By Bob Gourley
“The less people know about how sausages and laws are made, the better they’ll sleep at night.”
– widely attributed to Otto von Bismarck, German aristocrat and statesman
“Decisions are made by those who show up.”
– fictional President Josiah Bartlet on the TV show “The West Wing”
Before I begin, I need to point out that I am not an attorney. I am a volunteer member of the Connecticut chapter of the Community Associations Institute’s Legislative Action Committee (LAC). I nominated myself and applied to join by submitting an application to CAI’s Government and Public Affairs (GPA) and was approved for the 2010-2011 term. I received a nice “welcome” letter from the CAI National Board of Trustees and a neat ribbon I can wear to appropriate events.
I then began attending regularly scheduled meetings of the CAI-CT LAC. This is when I learned first-hand about how laws were made that affect all of us who own, live, or work in Connecticut’s condominiums and community associations. Otto von Bismarck was right. I slept better before I knew how they were made.
Any of us who have ever run for office understand what strange bedfellows politics can make. In a world driven by personal agendas and political career advancement, it is not uncommon for the good of the common man to go unnoticed. Quite frankly, we live in the world of the photo opportunity and the sound bite, where it is better to look and sound like you are “doing good” than actually doing good. The process of reforming legislation and introducing helpful legislation is further complicated by a cast of characters who make up the legislature and other interested parties.
Prior to my involvement with the CAI-CT LAC, I wasn’t all that clear on what lobbyists do and why we needed them. After spending a year watching the system work, I am convinced that not only are they needed, they are the only thing that stands between the “Best Practices” in governance put forth by CAI-CT and a complete overhaul of how Boards of Directors are allowed to conduct the governance of their own communities. CAI-CT has two excellent lobbyists in the forms of David O’Leary and Anita Schepker. These hard-working professionals keep the LAC fully informed of the goings on in the state legislature. Without their continual involvement and dogged determination to keep us informed and involved, there would undoubtedly be a great deal of bad legislation for our state’s community associations to contend with. Thank you, Dave and Anita.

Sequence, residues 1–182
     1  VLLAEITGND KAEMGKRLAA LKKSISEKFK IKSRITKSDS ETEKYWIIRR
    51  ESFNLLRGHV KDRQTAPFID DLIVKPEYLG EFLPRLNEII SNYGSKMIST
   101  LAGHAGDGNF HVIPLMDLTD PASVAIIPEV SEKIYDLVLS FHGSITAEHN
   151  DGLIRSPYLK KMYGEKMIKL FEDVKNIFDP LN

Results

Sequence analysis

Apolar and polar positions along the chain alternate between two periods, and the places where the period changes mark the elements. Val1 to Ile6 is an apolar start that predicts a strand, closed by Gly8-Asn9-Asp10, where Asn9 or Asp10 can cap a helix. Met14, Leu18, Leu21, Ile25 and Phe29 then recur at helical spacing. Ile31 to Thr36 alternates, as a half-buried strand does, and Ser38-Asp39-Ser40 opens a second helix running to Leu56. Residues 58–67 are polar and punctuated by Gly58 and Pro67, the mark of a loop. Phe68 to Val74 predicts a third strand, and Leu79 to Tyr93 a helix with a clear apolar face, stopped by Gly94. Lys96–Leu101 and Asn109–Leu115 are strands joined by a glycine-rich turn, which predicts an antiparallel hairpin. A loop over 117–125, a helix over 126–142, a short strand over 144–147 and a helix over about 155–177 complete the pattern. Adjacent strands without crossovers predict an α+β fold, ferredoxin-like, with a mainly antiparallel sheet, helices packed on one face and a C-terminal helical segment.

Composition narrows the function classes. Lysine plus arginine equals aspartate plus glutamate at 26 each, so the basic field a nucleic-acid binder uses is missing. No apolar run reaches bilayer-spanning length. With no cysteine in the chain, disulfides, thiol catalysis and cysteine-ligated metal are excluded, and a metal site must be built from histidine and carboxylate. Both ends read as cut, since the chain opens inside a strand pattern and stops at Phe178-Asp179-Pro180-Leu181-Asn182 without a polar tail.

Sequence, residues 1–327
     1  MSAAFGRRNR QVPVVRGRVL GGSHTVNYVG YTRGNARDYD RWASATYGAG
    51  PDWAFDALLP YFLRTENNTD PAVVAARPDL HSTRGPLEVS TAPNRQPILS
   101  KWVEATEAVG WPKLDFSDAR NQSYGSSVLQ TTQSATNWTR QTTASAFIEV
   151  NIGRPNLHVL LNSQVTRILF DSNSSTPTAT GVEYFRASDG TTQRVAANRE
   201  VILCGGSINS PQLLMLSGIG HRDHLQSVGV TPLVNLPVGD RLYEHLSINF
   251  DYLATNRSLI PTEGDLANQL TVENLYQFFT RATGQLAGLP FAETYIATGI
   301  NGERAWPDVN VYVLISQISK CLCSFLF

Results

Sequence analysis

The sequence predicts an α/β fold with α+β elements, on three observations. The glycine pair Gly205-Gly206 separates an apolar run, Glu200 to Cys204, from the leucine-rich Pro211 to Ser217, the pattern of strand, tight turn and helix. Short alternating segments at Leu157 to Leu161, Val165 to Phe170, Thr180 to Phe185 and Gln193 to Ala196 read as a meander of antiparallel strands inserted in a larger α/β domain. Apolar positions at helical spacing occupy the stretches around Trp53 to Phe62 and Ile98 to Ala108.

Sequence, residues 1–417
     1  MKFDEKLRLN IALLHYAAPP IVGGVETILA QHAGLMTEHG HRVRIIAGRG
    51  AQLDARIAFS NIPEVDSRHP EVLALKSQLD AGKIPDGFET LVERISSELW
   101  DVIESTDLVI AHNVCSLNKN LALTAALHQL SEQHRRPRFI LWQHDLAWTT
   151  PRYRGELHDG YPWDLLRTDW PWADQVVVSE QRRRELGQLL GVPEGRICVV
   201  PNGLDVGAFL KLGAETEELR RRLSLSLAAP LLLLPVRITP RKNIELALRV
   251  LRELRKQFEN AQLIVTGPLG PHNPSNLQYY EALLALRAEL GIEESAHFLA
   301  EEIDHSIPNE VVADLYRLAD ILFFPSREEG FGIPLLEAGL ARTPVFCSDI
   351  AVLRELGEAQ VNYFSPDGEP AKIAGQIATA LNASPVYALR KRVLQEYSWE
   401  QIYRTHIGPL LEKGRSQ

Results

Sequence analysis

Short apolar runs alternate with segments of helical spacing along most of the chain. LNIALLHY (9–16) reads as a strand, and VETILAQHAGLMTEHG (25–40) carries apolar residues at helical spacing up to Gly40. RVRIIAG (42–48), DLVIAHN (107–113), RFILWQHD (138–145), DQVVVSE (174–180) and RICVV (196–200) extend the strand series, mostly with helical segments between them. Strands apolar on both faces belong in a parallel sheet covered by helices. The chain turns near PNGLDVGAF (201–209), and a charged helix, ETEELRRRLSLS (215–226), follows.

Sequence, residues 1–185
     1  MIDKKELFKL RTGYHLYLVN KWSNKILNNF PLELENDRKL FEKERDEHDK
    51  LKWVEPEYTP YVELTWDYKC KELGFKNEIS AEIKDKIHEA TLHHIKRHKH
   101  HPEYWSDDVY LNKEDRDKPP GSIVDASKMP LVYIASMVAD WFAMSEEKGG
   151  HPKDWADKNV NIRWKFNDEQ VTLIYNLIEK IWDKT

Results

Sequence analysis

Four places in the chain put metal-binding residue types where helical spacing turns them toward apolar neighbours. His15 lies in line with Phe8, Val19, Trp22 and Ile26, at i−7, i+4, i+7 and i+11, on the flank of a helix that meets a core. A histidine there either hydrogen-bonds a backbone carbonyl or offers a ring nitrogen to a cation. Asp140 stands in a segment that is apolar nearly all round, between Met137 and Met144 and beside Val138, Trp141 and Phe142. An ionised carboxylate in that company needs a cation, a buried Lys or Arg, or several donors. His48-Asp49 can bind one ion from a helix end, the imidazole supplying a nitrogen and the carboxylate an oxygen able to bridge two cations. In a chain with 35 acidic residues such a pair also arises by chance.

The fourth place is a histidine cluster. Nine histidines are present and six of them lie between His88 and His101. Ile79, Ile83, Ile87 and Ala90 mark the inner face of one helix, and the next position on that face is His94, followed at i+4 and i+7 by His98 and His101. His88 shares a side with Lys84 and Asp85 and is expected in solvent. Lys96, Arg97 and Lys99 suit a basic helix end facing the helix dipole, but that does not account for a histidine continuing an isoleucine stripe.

Of course, lobbyists can only do so much. The rest of the work comes from the LAC, itself, led by the hard-working leadership of LAC Chair Scott Sandler and the dedicated team of LAC members who give tirelessly of themselves to keep our message on track. The LAC is routinely called upon to draft bills and/or provide feedback on bill measures that affect every community association member in the state. The nature of this work explains why most of the LAC members are practicing attorneys, although that is not a requirement to serve on the committee, which also boasts several non-attorney members, like me.
I admit to being a fan of TV shows like “The West Wing” and I included the quote from the show above as a reference to my experience. When I had the opportunity to speak before the Judicial Committee in Hartford in March of 2011, I was touched by how many people had come out to influence the decision-makers. For better or worse, the decisions would be made by those who showed up. It was my first appearance at the Legislative Office Building and I had the opportunity to speak before the state representatives and senators who would ultimately vote to pass or deny the bills in question. It was an experience I will always remember and I feel I am a better citizen for having participated. I encourage each of you to consider testifying on bills like those that your local LAC identify as critical to your continued enjoyment of your condominium or community association.
In conclusion, I encourage you to take a more active role in the politics of your state’s community association laws. I have learned so much in my short time serving on the LAC. I shudder to think what laws the state legislature might be tempted to enact in the interest of “doing good” without the hard work and dedicated efforts of the CAI-CT LAC. There is a wealth of information at the CAI website – http://www.caionline.org/govt/Pages/default.aspx and, of course, at your local CAI chapter website.